As the Ellen Johnson Sirleaf-led administration cruises to its expiry just in few more years, national if not natural fatigue has set in and things are becoming really dire for the nation. The financial economy seems doom as it registers the weakest moment of Liberia dollar against the US dollar in recent history. Politically and socially, there is the trouble of protests brewing all over the place not only within but without of Government. For human rights advocate Kofi Woods, who is also former official of the Sirleaf administration, these are “signs of the time” that call for sober reflection and a recheck of the morals of functionaries. He spoke of them at a well-attended honoring program upon his return to the country from the Disapora. The Analyst reports.
Samuel Kofi Woods was in Government some seven years ago and his superb stewardship endeared him not only to President Ellen Johnson Sirleaf, who often called “my faithful servant” but also the media and development watchdog groups which crowned him with “best forming minister of government”. Out of office, his successor grades him poorly as undertaking “substandard” public works. There is also is the criticism that Woods who rarely badmouthed Government while serving the prestigious office of Public Works Minister is now doing so to find relevance and popularity to pave his way for presidential contestation in 2017.
In the last two months or, Woods was out of the country touring several western nations; something that triggered mixed reactions—some saying it was a worthwhile vacation from the hot seat of Public Works Minister which he occupied since 2009 while others say he was there to raise funds for political reasons.
Whatever the truth is, Woods has returned to the country and one of his first stops is the Melvin B. Cox Methodist Church in Lower Caldwell where he was honored for “his many contributions to the state, Church and Humanity.”
In a response, Woods thinks the current checkered atmosphere Liberia is enduring calls for a national fast and pray time as the country moves towards is next National Day on July 26.
But divine supplications for the woes facing the country are not the solution he advanced last Sunday at the program. He thinks a professional cleansing exercise in Government is a solution, specifically suggesting a comprehensive audit of both the Ministries of Finance and Planning.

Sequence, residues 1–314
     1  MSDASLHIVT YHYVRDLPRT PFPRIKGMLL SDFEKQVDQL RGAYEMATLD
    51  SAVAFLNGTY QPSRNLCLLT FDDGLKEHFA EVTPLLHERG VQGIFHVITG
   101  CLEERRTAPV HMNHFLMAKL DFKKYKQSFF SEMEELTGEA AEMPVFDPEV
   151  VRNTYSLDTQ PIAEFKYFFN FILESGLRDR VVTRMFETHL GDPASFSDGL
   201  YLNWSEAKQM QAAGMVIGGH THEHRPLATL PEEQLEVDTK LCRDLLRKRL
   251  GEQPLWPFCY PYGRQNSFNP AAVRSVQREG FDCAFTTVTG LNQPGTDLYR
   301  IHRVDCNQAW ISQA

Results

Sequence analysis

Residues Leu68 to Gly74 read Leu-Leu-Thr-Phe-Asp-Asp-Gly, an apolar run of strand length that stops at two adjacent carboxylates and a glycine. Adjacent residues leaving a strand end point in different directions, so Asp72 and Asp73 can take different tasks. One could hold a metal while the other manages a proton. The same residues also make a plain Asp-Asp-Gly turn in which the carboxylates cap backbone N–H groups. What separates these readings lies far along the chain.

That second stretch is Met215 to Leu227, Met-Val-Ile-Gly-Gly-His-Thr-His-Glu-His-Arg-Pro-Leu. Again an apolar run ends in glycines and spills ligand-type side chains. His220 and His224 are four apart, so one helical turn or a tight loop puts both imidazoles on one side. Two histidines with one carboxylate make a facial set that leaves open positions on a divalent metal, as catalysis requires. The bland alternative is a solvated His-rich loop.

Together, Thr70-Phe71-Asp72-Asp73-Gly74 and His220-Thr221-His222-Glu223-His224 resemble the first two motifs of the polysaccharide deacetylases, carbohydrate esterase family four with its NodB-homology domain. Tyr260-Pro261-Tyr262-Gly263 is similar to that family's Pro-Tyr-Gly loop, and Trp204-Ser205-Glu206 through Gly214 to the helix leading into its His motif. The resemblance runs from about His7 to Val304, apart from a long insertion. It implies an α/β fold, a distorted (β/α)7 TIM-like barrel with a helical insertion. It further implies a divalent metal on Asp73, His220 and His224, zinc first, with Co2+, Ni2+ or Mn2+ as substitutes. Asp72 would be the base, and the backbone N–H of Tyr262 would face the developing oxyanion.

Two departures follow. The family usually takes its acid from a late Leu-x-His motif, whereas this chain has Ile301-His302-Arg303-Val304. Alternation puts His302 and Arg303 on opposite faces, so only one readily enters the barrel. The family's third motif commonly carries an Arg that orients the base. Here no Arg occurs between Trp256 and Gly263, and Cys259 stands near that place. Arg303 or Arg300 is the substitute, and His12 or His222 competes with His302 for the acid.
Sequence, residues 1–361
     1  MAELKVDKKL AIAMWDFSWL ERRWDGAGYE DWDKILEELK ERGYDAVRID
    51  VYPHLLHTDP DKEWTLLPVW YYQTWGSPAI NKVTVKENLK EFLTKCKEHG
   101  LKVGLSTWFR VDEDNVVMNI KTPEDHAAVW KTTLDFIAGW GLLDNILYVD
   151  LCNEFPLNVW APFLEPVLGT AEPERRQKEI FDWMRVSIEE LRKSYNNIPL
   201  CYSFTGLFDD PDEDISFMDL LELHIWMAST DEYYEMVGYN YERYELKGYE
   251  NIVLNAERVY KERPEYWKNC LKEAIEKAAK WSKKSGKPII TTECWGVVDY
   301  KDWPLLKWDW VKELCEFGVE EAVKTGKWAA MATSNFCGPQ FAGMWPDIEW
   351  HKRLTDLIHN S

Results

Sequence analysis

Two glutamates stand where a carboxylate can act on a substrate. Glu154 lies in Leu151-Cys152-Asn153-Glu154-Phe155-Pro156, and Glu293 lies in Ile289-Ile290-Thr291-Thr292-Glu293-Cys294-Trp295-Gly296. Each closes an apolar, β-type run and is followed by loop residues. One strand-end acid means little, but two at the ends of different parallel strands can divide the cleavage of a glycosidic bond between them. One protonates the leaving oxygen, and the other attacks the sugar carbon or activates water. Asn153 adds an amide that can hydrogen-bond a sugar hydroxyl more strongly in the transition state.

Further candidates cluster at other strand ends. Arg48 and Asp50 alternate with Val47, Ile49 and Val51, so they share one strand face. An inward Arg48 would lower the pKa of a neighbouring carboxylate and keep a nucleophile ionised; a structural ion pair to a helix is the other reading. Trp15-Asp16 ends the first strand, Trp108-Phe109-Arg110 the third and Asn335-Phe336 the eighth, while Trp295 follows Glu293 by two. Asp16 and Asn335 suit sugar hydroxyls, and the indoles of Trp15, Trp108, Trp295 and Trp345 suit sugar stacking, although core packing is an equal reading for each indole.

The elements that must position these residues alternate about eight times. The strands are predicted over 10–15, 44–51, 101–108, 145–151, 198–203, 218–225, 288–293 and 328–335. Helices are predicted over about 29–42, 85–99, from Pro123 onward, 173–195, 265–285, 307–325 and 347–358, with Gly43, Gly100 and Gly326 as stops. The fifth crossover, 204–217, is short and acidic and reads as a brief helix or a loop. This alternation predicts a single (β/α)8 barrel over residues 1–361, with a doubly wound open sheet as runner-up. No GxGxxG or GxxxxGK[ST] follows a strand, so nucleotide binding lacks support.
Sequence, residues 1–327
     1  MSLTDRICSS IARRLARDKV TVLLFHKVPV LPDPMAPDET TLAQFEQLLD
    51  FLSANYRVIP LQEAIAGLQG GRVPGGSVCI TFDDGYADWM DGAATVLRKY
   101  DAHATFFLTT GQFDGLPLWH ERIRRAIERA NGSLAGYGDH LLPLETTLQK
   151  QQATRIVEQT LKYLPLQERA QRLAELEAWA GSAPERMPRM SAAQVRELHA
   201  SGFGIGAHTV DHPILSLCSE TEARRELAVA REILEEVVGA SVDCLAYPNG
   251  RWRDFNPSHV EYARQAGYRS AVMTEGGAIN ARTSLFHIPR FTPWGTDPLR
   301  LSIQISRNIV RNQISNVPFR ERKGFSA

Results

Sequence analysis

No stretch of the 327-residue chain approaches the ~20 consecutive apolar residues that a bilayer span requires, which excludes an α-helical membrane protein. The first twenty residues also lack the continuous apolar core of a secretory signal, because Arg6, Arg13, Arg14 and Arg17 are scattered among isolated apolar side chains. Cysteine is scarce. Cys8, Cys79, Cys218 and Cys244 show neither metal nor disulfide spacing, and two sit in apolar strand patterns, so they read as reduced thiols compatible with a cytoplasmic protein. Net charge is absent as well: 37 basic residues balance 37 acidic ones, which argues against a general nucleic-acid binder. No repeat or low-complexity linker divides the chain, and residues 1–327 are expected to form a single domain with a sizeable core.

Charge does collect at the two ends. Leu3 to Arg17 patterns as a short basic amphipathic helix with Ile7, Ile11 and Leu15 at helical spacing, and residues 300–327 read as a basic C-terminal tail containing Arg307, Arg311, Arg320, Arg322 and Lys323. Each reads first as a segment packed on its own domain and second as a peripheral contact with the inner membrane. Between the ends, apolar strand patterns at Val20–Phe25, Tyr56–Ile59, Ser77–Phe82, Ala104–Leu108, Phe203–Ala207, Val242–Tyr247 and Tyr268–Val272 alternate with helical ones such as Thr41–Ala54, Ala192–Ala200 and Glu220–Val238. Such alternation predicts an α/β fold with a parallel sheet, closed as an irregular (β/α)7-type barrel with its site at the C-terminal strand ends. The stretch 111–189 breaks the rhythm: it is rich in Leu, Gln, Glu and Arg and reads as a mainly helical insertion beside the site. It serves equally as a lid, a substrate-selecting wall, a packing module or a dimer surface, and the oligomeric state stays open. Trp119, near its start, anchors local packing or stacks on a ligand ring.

The merger of the two ministries has triggered protestations from employees who feel they are unjustly laid out in the process.
Woods has further suggested even if an audit has already been conducted, the Public Accounts Committee of the Liberian National Legislature should conduct the necessary hearings to establish a firm foundation for the merger of both institutions, which he said are critical to Liberia's development.
He stressed that Liberian people need to know the status of both institutions in terms of personnel, plans, actions and other recommendations put into the merger.
The former Public Works Minister said it is alarming and scaring that too many unfortunate, strange developments have begun occurring in Liberia, describing the situation as “Signs of the Times” that must compel Liberians to reflect.
Woods said, “The level of diminishing trust in public officials, the Ebola plague, the tragic violence in Nimba County and its attendant consequences and the change of venue of this year's celebrations are some of the signs.”
He also named the raging poverty and anger amongst Liberians, the indifference, arrogance, disdain and complacency in our society as some of the reasons that have prompted his call for fast and prayers on the National Independence Day.
He added that the day should be used to rather engage in a moment of mediation and reflection than for the usual pomp and pageantry.